Let’s say you’re cycling from one side of town to the other. You may have some concerns with the range of your ebike. It’s a problem for sure. So let us find out how to increase ebike range when you really need it!
Ebikes come in so many different shapes and sizes now.
Some with large displays.
Others with small motors.
And some with all the extra bells and whistles you never knew you needed!
But none of that matters if you’re 20 miles from home and have 20% of your battery remaining.
So how can you “supersize” your remaining ebike battery charge and increase your ebike range!?
Here are my top 10 tips to increase ebike range!
1. Pedal more
It’s no secret that your ebike is first and foremost a bike!
That means in addition to your fancy motor and battery, you also have good old-fashioned pedals!
Pedalling is a surefire way to increase your ebike range at least twice as much!
When you pedal, you’re doing some of the work that would have otherwise needed to be provided by the motor.
Less work for the motor means less required charge from your battery.
And hey presto! You have yourself instant extra mileage.
A very important fact to consider is if you’re pedalling when you’re moving off from a stop and accelerating.
Accelerating using the ebike motor is hard work for it, and consumes significant energy.
If you can start pedalling yourself to get up to speed, then let the motor take over to stay at the speed. You’ll save a lot more battery charge and increase your overall range!
Alternatively, try and keep a constant speed and avoid stopping and starting all the time. It takes much less energy to maintain a certain speed than it does to accelerate to that speed.
2. Use less throttle
Maybe you’re a little throttle happy (I know I certainly am!) and your battery is running out a bit quicker than you hoped.
The answer boils down to – use your throttle less! Or turn down your pedal assist, if you roll that way.
Less throttle use means you have to pedal more to go faster, which is great your mileage.
Also worthwhile to consider is being more smooth with the throttle. If you go for maximum throttle every time, it’s using a lot of energy. If you smoothly accelerate and use the throttle gently all the time, you’ll use less energy compared to full throttle every time you want to accelerate.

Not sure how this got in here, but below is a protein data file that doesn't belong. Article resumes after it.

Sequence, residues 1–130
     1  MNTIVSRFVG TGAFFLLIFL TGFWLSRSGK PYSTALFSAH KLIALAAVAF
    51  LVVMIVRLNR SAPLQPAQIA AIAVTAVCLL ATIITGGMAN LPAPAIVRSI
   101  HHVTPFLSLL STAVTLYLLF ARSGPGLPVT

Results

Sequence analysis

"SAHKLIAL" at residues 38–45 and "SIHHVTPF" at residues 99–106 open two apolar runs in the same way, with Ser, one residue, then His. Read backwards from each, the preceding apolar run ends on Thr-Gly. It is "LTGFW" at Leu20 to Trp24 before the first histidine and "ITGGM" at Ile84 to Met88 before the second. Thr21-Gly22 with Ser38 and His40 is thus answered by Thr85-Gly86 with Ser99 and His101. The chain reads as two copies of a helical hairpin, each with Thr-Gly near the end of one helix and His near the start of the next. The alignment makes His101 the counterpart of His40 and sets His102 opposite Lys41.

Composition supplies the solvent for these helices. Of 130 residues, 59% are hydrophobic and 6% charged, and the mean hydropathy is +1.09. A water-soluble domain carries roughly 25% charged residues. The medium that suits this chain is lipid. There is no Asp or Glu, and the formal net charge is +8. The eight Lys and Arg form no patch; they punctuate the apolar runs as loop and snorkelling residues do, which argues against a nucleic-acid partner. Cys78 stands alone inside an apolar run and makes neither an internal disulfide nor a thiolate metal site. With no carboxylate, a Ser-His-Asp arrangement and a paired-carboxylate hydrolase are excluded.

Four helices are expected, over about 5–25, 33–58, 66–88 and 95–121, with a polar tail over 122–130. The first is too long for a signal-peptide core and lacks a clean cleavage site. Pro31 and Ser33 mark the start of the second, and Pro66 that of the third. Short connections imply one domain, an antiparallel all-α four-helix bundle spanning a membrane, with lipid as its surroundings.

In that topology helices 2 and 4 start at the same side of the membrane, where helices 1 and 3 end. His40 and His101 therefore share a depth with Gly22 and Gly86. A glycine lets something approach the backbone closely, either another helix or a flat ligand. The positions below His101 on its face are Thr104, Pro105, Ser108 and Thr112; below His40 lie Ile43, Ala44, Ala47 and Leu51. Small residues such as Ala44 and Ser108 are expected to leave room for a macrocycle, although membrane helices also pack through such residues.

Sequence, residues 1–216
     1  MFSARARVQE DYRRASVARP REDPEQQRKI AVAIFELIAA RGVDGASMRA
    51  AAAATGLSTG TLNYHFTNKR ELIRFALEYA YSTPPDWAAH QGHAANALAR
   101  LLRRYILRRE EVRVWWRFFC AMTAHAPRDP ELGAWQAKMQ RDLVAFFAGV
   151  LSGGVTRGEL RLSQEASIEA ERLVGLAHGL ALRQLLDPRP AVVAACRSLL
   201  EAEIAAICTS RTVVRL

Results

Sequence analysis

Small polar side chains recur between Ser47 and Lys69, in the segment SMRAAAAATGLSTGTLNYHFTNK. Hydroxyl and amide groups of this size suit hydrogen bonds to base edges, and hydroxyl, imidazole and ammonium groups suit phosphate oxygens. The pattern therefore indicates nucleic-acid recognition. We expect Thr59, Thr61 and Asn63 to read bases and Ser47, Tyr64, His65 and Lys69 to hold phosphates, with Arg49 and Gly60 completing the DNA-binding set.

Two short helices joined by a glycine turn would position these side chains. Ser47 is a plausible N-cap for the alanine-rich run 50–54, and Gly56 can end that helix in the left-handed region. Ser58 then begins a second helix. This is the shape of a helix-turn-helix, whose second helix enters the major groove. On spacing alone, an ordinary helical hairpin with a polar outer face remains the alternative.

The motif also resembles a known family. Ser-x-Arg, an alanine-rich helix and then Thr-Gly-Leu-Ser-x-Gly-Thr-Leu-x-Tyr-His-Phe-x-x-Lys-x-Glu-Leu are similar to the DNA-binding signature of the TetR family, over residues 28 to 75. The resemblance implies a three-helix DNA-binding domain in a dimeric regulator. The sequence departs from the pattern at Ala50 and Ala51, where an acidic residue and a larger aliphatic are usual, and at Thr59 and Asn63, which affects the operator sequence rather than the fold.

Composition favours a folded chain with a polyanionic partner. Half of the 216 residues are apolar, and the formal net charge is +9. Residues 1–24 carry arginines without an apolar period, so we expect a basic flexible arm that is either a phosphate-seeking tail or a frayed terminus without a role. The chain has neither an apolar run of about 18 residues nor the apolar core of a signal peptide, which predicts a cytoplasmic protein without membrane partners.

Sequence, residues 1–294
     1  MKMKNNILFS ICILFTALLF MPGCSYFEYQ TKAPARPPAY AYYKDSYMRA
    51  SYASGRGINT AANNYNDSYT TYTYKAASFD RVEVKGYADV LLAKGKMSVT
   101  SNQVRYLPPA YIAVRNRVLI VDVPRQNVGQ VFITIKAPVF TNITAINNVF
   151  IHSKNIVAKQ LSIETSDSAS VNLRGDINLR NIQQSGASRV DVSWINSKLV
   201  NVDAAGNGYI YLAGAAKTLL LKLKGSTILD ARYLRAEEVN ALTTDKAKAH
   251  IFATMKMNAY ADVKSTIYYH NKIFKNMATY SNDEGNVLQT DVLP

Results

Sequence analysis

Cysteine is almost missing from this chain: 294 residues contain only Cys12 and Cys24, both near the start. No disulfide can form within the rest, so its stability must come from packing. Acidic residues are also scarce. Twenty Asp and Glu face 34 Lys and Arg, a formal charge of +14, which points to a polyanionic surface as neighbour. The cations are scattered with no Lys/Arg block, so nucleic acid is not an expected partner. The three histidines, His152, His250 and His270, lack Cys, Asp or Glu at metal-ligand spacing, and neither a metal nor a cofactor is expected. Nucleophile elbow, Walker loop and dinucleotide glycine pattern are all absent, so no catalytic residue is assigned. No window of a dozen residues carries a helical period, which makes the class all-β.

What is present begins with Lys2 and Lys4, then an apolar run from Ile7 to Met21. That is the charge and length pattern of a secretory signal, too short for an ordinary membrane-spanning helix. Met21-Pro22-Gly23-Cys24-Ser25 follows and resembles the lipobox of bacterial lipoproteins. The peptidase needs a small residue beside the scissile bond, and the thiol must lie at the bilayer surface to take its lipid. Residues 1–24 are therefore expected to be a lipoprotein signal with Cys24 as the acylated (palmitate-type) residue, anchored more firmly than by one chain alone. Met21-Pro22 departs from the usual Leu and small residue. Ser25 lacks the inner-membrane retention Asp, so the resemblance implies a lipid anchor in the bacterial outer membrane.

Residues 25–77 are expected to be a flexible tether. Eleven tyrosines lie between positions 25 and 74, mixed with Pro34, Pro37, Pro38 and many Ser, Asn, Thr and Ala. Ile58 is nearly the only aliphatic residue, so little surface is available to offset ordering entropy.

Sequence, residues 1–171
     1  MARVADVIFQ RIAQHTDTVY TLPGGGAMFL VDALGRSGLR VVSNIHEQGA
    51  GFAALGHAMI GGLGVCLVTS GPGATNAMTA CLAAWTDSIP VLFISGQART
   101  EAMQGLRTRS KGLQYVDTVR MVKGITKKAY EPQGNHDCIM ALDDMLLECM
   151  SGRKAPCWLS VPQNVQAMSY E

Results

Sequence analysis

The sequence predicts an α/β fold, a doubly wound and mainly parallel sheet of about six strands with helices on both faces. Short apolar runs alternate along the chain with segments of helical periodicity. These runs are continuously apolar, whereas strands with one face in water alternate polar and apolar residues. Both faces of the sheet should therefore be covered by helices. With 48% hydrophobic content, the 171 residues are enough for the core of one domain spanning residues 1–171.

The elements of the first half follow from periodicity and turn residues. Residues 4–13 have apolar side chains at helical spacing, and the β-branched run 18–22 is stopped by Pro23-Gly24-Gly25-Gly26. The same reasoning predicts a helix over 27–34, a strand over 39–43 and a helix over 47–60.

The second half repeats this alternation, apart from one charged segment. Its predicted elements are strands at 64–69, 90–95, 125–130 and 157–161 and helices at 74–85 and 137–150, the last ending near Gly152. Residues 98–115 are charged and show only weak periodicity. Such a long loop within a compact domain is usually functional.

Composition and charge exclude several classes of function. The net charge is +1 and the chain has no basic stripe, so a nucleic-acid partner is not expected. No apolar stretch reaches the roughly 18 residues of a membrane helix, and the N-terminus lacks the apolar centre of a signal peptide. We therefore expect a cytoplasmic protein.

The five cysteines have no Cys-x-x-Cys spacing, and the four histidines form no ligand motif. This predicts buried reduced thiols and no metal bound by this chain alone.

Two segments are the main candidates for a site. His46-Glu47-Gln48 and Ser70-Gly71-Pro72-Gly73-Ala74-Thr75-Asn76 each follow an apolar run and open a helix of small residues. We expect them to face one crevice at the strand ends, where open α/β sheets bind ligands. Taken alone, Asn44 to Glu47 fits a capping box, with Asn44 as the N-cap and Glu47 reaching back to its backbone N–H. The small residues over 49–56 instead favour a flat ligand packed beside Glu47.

Coasting is another great way to increase ebike range because it means that you won’t need to start from a stop every time you see a red light ahead. Or when you see something you have to wait to avoid.
If you’re coming to a red light, just as in your car if you coast instead of jamming the brakes at the last second you’ll maintain some speed.
If you keep up some speed, it means that when the light turns green or an obstacle is out of your way, you can smoothly accelerate. Except, instead of accelerating from zero, you’ll still have some speed. This reduces the power needed to get you back up to your cruising speed!
4. Slow down
So we know that using your throttle heavily or relying on the bike to propel you uses energy.
But did you also know that speed is a significant aspect of power consumption also?
As an example, if you were riding your road ebike at 15mph on a flat road, it would need about 188 watts of power.
Compared to riding 25mph, you would use 760 watts.
That 15mph could get you about 40 miles on an average sized (500wh) battery.
25mph would get you 16 miles on that same, fully charged battery.
Sure you’ll get where you’re going quicker, but you won’t get anywhere near as far!
So take a look at how fast you’re going next time. If you’re relying on motor power alone, slow down and go much further!
If you add in some human-powered pedalling, you’ll be going a lot further too.
5. Take a different route
Riding on a flat road is much easier than trudging uphill.
Riding 10mph on a 6% slope will use 404% more energy than riding flat at 10mph.
This means if you normally ride over a hill (up and back down, not just up!) you’re much better off to go around the hill if you can.
You’ll be using significantly less energy to ride on a flat road. Even though it might take you twice as long, it’ll save you more battery charge for later.
6. Start your journey fully charged
In my other articles, I have said that you should charge your battery to 80%. And in general, you should!